Thursday, January 10, 2008
Ninth Circuit Upholds Regulation of Street Performers
By Kenneth Ofgang, Staff Writer
The City of Seattle’s regulations governing street performers in the downtown entertainment zone known as the Seattle Center do not violate the First Amendment, the Ninth U.S. Circuit Court of Appeals ruled yesterday.
A three-judge panel overturned an injunction barring the city from enforcing those parts of its regulations which require street performers to obtain permits and wear badges during performances, comply with certain terms and conditions in order to obtain and keep their permits, refrain from actively soliciting money, and perform only in 16 designated locations within the 80-acre district.
The appellate court also overturned the district judge’s ruling that a provision barring anyone from engaging in speech activities within 30 feet of a captive ordinance was unconstitutional.
U.S. District Judge James Robart of the Western District of Washington issued the injunction in May 2005, pursuant to a summary judgment motion by street performer Michael J. “Magic Mike” Berger.
Berger has performed in the area since the 1980s, fashioning balloons and talking “about his personal beliefs, especially the importance of reading books,” according to court documents. In the 1990s, he was ejected from the center on several occasions for rules violations, and filed suit in 1996.
First Case Settled
The case was settled after a magistrate judge denied the city’s motion for summary judgment. The city subsequently revised the rules, and Berger brought his second suit in 2003, contending that the challenged rules circumscribed protected activities.
The district judge agreed, but Judge Diarmuid F. O’Scannlain, writing for the Ninth Circuit, said the rules were constitutional because they were content-neutral, narrowly tailored to serve the city’s significant interests, and left open ample alternative means for the performers to communicate.
The $5 permit fee is reasonable, O’Scannlain said, and requiring permits to perform serves the city’s significant interests in reducing territorial disputes among performers, deterring harassment of patrons, and identifying offending performers.
He cited testimony that prior to the enactment of the rules, performers—particularly “Magic Mike”—constantly complained about each other taking a favored “spot” or performing a similar routine, while tenants complained that performers made too much noise or blocked access to their businesses.
“Although the permit requirement affected all street performers, and not only those proven to be disruptive, the city was not required to wait for problems to arise or to speculate as to which performers would pose greater threats,” the judge wrote, adding that had the city applied the requirement to some but not all performers, it would have been subject to challenge for lack of content neutrality.
He distinguished the U.S. Supreme Court’s ruling that the government may not require a permit for door-to-door canvassing by missionaries. Street performances do not carry the same degree of constitutional protection as a historical matter, O’Scannlain said, nor was there any showing that the city was trying to burden the practice of religion or would not treat performers fairly.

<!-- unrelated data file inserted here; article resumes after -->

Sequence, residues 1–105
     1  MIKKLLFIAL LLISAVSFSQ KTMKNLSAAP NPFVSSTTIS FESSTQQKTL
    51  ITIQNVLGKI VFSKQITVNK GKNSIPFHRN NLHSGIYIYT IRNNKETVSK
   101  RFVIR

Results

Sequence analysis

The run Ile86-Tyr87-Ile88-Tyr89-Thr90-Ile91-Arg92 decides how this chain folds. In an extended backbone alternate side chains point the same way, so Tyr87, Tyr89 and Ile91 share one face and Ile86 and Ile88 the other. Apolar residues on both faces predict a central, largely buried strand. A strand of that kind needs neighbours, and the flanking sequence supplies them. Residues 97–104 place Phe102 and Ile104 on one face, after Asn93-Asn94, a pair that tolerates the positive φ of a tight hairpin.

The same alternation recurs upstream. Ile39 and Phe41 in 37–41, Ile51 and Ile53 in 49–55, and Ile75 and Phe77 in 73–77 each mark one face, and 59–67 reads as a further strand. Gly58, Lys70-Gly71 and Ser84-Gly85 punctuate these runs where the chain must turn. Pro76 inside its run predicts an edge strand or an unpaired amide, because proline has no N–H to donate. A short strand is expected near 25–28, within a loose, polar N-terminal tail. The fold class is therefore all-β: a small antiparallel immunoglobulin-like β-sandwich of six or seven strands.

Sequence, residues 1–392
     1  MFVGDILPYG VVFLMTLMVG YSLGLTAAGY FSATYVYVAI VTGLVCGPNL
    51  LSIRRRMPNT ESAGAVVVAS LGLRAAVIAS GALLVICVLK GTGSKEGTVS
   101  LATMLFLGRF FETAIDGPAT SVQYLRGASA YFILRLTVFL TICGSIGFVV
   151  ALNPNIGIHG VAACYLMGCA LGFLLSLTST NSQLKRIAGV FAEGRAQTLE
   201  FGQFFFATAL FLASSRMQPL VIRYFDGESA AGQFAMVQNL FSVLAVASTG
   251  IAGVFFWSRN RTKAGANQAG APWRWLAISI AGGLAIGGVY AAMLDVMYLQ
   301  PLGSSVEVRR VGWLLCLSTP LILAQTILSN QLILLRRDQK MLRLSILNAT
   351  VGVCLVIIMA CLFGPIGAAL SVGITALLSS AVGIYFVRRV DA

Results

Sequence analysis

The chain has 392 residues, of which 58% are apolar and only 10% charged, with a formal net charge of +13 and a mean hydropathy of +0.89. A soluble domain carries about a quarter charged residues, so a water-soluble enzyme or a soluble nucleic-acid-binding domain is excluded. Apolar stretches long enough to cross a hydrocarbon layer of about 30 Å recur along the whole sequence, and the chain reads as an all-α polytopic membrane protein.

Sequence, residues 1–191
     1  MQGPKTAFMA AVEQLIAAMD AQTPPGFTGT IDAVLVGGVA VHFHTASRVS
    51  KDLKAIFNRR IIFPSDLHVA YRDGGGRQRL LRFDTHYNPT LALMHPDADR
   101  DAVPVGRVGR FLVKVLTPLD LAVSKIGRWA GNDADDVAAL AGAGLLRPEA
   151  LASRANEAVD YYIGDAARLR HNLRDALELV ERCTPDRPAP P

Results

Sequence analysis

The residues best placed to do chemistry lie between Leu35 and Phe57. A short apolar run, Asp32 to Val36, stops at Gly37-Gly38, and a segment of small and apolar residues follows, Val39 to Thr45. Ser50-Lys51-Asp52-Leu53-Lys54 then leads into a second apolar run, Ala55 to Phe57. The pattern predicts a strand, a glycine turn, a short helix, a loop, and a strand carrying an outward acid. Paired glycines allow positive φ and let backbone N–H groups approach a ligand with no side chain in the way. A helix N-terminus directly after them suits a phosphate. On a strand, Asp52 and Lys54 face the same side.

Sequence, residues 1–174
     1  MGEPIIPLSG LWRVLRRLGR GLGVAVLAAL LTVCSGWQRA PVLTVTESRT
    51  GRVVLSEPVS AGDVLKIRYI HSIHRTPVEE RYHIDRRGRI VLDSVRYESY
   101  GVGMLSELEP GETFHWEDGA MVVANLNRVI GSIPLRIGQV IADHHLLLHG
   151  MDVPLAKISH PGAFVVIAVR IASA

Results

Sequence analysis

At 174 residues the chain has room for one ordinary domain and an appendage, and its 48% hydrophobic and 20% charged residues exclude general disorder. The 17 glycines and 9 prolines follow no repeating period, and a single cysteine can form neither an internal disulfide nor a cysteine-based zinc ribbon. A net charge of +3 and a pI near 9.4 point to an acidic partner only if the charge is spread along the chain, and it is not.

“Indeed, the evidence shows that the [Seattle Center] Director has granted permits even to street performers with a history of complaints against them, such as Berger,” the judge wrote.
The permit requirement also allows alternatives, the judge said, because performers may convey their messages verbally while walking around the area, and may also engage in other expressive activities, such as signature-gathering, leafleting, or speechmaking.
The other requirements also pass muster, O’Scannlain said, distinguishing decisions that have struck down bans on direct solicitation of funds in public places. The city, he said, had established that the ban was narrowly tailored to its “significant interest in protecting the Center’s patrons from disruptive and unwanted advances” that patrons had complained of.
The jurist also noted that the rules expressly allowed performers to “passively” accept donations by putting out an instrument case or other receptacle with a sign requesting that patrons contribute.
U.S. District Judge Sam Haddon of the District of Montana, serving by designation, concurred in the opinion. Judge Marsha Berzon wrote separately, dissenting in large measure.
“Although one might think otherwise from reading the majority opinion, the permitting scheme the majority approves serves no discernible purpose whatever, other than to identify speakers to the government in advance of their speech,” Berzon wrote. “There is no limit on the number of permits, and although another part of the rule designates certain locations at the Seattle Center for street performers generally, the permits do not assign any particular location at the Seattle Center to any particular street performer. So there is simply no crowd or traffic control function served by the permitting scheme.”
While the “permitting scheme may seem innocuous,” she wrote, “the principle that American citizens ordinarily do not need government permission to speak in public places is a precious one, and one the majority entirely ignores.” Berzon argued that the permit, badge, and “captive audience” rules are unconstitutional, although she agreed that the city may limit performance locations and ban active solicitation.
The case is Berger v. City of Seattle, 05-35752.
Copyright 2008, Metropolitan News Company